Wednesday, November 5, 2014

Diplomacy Game Spring 1904 Turn Results

Here are the results for the Spring 1904 turn.  There is one retreat.  Russian player can retreat A Rum to either Ukr or Sev - please inform me no later than end of day  this Friday please Russia, earlier if possible.

Highlights:  France continues to fence-sit.  England throws a third army onto the continent.   Anglo-Turkish cooperation leads to the fall of Moscow. Italy again pockets Vienna but Turkish naval moves may have Rome worried.  Germany continues to lead a charmed if quixotic existence.  Hopefully everyone’s having as much fun as I am!





Results for Spring, 1904 (Movement)

General Notices:
Order resolution completed on 05-Nov-2014 at 10:35:48 EST

Order Results:


A den - lie   Bounced with hel (1 against 1). 

A edi - nwy Convoy path taken: ed nth nwy. 

 F hel - kie Bounced with den (1 against 1). 

 F lon Holds;   F nth Convoys A edi -nwy

A stp Supports A sev -mos;  F swe - bal


A bel Supports F hol;  A bur Holds;  F lyo -wes

F hol Holds;  A par Supports A bur;  A pic Holds  A spa Holds


A ber -pru;   A boh - gal

A sil -war Bounced with war (1 against 1). 


A bud Holds;  A pie Holds;  A tri Supports A bud;  A tyr -vieI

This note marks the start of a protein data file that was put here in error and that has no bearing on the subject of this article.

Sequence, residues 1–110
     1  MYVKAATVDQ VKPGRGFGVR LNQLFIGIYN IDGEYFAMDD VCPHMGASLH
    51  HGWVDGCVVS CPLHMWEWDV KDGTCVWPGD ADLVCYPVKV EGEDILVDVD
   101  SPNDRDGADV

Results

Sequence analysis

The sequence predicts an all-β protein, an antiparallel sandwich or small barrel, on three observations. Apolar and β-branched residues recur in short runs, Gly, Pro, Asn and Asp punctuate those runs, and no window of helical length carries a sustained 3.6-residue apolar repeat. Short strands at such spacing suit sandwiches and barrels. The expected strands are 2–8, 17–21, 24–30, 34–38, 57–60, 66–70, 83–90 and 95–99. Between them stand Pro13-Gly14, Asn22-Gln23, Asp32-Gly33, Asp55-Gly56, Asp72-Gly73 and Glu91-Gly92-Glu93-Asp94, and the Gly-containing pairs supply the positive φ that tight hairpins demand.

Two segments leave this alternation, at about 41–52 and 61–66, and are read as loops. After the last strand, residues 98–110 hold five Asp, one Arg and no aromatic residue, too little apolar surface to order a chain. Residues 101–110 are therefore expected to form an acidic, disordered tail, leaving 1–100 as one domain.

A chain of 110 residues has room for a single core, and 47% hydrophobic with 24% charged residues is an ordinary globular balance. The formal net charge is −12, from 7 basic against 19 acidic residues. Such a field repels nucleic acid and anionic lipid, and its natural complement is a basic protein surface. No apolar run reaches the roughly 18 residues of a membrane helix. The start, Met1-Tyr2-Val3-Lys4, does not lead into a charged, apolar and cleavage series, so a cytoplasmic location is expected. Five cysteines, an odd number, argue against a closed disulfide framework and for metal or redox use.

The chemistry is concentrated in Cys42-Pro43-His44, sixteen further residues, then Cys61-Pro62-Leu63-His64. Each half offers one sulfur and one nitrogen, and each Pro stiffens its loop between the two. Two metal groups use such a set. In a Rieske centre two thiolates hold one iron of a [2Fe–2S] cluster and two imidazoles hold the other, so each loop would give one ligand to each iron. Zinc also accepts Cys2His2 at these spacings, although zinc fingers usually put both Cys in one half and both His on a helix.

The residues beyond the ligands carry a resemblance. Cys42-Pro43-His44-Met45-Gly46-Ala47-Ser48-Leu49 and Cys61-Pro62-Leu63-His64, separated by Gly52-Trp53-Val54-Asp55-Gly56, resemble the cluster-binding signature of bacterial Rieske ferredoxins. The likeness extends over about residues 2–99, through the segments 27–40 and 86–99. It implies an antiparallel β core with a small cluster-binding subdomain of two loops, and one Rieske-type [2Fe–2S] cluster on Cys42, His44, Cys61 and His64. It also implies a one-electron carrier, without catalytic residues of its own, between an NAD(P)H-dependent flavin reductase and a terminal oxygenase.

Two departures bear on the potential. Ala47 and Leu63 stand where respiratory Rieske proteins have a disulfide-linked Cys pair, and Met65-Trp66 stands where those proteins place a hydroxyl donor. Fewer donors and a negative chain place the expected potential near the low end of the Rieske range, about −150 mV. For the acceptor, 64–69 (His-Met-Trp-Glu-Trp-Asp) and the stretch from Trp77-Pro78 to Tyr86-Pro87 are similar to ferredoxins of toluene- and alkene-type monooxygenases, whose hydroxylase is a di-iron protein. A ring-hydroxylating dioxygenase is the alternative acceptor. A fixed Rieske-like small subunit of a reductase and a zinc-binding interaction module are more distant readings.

F tys -tun;  A ven Supports A pie


Dislodged Units:

Russia: Army Rumania.  Valid Retreat Options:  ukr, sev


Supply Center Ownership:

England: Denmark, Edinburgh, Liverpool, London, Norway, St. Petersburg, Sweden (7 total).

France: Belgium, Brest, Holland, Marseilles, Paris, Portugal, Spain (7 total).

Germany: Berlin, Kiel, Munich (3 total)

Italy: Budapest, Naples, Rome, Trieste, Tunis, Venice (6 total).

Russia: Moscow, Rumania, Warsaw (3 total).

Turkey: Ankara, Bulgaria, Constantinople, Greece, Serbia, Sevastopol, Smyrna (7 total).



A lvn -mos Bounced with sev (2 against 1).

A rum - bul Bounced with bul (1 against 1). Dislodged from bul (3 against 1). 

A war Holds


F bla Supports F bul/ec -rum;  F bul/ec -rum

A con Holds;   F gre - ion;  A ser Supports F bul/ec -rum

A sev -mos;    F smy - aeg



  1. Emerging Patterns?

    A commentary by General Sir Erasmus Blatt, geo-political and military correspondent for the Rioters News Agency.

    The fog of bellicosity that has descended upon Europe these last three and a half years is beginning to clear, as two distinct alliances reveal themselves. I had earlier indicated that Turkey and England might well seek each other out across the war-torn subcontinent. So apparently it has transpired, with the two combining to achieve the fall of Moscow.

    That the Turkish captors have been cut off from their supports by a Russian army, defeated in Romania, slinking back into Sevastopol would seem at first sight something of a setback to the Porte - or at least an outcome that would make the capture of Moscow lose some of its savour. Not so. It will not come as any surprise to this writer if by the end of the 1904 year, a stateless Czar will be sojourning in what remains of his empire in Siberia. With help from England and a compliant Germany, Turkey can keep Moscow, and Russia surely can not hold its other possessions.